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TAP/YIPL 40th Anniversary

Categories: History

This month marks exactly 40 years since the first publication of YIPL (later renamed to TAP) in June 1971. Long before 2600, there was YIPL or Youth International Party Line - a publication started by the YIPPIEs founder Abbie Hoffman and "Al Bell". Its mission was originally to disseminate information on fighting monopoly, specifically Ma Bell. Here is an excerpt from the very first issue:


Published						     June, 1971
Monthly

	       THE YOUTH INTERNATIONAL PARTY LINE'S FIRST ISSUE

			       We at YIPL would
				 like to offer
				   thanks to
				all you phreeks
		      out there.  Most of you who are now
		receiving this met us in Washington on Mayday,
	       where we distributed 10,000 promo flyers.  So far
	       we have received over 50 responses, complete with
	       contributions, encouragement, and spirit.  We may
	       not have done well percentage-wise, but the fact
	    that there are 50 people all over the country willing
	    to fight back speaks for itself.  We are sure that from
	    the spirit of response, YIPL membership will really
	    skyrocket.	However, more important than our numbers,
	    in our opinion, is the feeling and motivation for this
	    movement.  The disappointment we feel toward Amerika has
	    turned to hatred as we saw the futility of the movement
	    to improve it, and to frustation as our outside efforts
	    were repressed and forbidden.  But we did NOT turn our
	    backs on the movement for change.  YIPL believes that
	    education alone cannot affect the System, but deucation
	    can be an ivaluable tool for those willing to use it.
	    Specifically, YIPL will show you why something must be
	    done immediately in regard, of course, to the improper
	    control of the communication in this country by none
	    other than the BELL TELEPHONE COMPANY.

	    So if your friends want to get in on the fun, let them
	   read your newsletter, and you might want to research your
	  own questions in your local library, and help to start the
	 education of your community of the phone company's part in the
	war against the poor, the non-white, the non-conformist, and in
       general, against the people.  Show your neighbors, friends and the
      representatives of your area how the Bell System and the Amerikan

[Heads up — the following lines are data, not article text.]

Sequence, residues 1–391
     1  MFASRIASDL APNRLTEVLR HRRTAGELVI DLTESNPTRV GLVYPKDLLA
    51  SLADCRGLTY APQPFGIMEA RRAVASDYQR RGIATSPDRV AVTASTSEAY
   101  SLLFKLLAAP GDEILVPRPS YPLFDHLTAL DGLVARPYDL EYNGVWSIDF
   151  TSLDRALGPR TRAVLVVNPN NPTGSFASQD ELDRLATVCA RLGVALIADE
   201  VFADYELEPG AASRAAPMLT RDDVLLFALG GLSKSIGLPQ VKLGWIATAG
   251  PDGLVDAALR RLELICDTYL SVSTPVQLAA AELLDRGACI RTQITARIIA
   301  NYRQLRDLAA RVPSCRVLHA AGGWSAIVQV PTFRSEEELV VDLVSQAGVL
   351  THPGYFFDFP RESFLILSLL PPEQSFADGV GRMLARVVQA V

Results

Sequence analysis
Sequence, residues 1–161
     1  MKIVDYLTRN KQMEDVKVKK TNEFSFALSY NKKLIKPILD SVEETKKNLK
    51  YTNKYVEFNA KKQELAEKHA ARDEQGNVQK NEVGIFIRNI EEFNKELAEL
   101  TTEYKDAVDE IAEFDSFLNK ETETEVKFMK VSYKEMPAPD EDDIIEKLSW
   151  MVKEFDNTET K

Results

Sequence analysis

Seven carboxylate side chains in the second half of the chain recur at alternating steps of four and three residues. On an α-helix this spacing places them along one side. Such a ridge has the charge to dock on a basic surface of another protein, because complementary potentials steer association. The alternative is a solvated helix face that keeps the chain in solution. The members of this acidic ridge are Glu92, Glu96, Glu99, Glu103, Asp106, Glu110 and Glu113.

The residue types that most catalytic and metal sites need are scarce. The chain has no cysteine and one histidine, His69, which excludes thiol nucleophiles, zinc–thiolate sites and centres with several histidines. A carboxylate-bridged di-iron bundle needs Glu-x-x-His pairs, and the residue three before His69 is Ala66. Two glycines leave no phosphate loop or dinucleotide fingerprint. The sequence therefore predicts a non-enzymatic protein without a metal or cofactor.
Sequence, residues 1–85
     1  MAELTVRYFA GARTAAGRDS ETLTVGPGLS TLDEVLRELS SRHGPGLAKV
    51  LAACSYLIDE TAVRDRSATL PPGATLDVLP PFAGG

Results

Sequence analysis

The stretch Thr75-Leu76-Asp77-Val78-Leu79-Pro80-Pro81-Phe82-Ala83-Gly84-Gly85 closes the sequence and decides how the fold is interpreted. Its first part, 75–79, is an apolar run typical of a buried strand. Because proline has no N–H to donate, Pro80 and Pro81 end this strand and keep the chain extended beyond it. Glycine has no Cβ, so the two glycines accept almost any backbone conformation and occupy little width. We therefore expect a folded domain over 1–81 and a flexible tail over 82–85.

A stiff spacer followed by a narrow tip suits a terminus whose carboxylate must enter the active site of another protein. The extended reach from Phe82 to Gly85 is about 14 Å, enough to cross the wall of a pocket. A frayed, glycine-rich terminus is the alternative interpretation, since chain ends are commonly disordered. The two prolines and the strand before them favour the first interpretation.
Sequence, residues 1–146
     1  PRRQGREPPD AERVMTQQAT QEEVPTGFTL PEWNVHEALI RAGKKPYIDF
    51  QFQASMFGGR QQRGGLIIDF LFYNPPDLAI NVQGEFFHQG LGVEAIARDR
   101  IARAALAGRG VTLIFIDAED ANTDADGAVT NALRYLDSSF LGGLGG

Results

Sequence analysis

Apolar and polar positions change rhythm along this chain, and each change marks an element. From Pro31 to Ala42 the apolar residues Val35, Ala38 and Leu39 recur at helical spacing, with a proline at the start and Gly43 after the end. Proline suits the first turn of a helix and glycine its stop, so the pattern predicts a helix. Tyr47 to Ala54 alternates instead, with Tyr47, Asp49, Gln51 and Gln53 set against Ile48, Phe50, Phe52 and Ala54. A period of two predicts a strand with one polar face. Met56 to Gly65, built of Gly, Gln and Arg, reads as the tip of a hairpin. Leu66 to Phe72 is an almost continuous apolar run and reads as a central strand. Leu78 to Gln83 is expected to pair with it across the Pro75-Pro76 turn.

government are co-conspirators.  If your friendscan't subscribe to
    YIPL, that; is cool, is convenient for our small staff, and is right on
   if they can send a buck as a donation and read your newsletter.  We also
  need stamps, letters, and envelopes, which maybe they can get from their
  office at work.  Because we are already sending out issues to people short
 on bread, we really do need this kind of help.  We will report on all of our
 finances from time to time, and if you can dig it, we will probably need some
 kind of bail fund set up.  If any YIPL busts happen, we'd like to ask you all
  in advance to work extra hard for the cause.	People, thanks again.  Love

In addition to a large number of color box schematics (e.g. Red Box, Black Box, and the all time favorite Blue Box), the magazine has published several controversial articles like How To Not Get Caught Making Fake Credit Card Calls, The Burglar's Tool Box, and others on the topics ranging from home-made explosives to computer hacking.

In 1973 Al Bell renamed the publication to TAP (Technological American Party) - The Hobbyists Newsletter For The Communications Revolution to reflect its role as a technical resource covering a wider array of technical topics with less "political crap". The publication has changed editors twice with Tom Edison taking over in late 70s until his apartment was firebombed at which point Cheshire Catalyst kept the publication running until its death in 1984. Most of the TAP/YIPL readers have switched to the shiny new phreaker/hacker publication at the time called 2600: The Hacker Quarterly which started printing the very same year TAP/YIPL died. As a result, 2600 Magazine was directly influenced (and still is) by the ideals first set forth in YIPL.

Interestingly there were several brief attempts to resurrect TAP from the ashes first in 1989-1991 by Aristotle and Predator and later in 2009 by John Galt. Ultimately both attempts failed to live up to the heydays of the original publication.

In celebration of YIPL's anniversary join me by leafing through some of the old issues online provided courtesy of textfiles.com and Green Bay Professional Packet Radio.

Fuck Ma Bell!

Posted by iphelix on Jun 02, 2011
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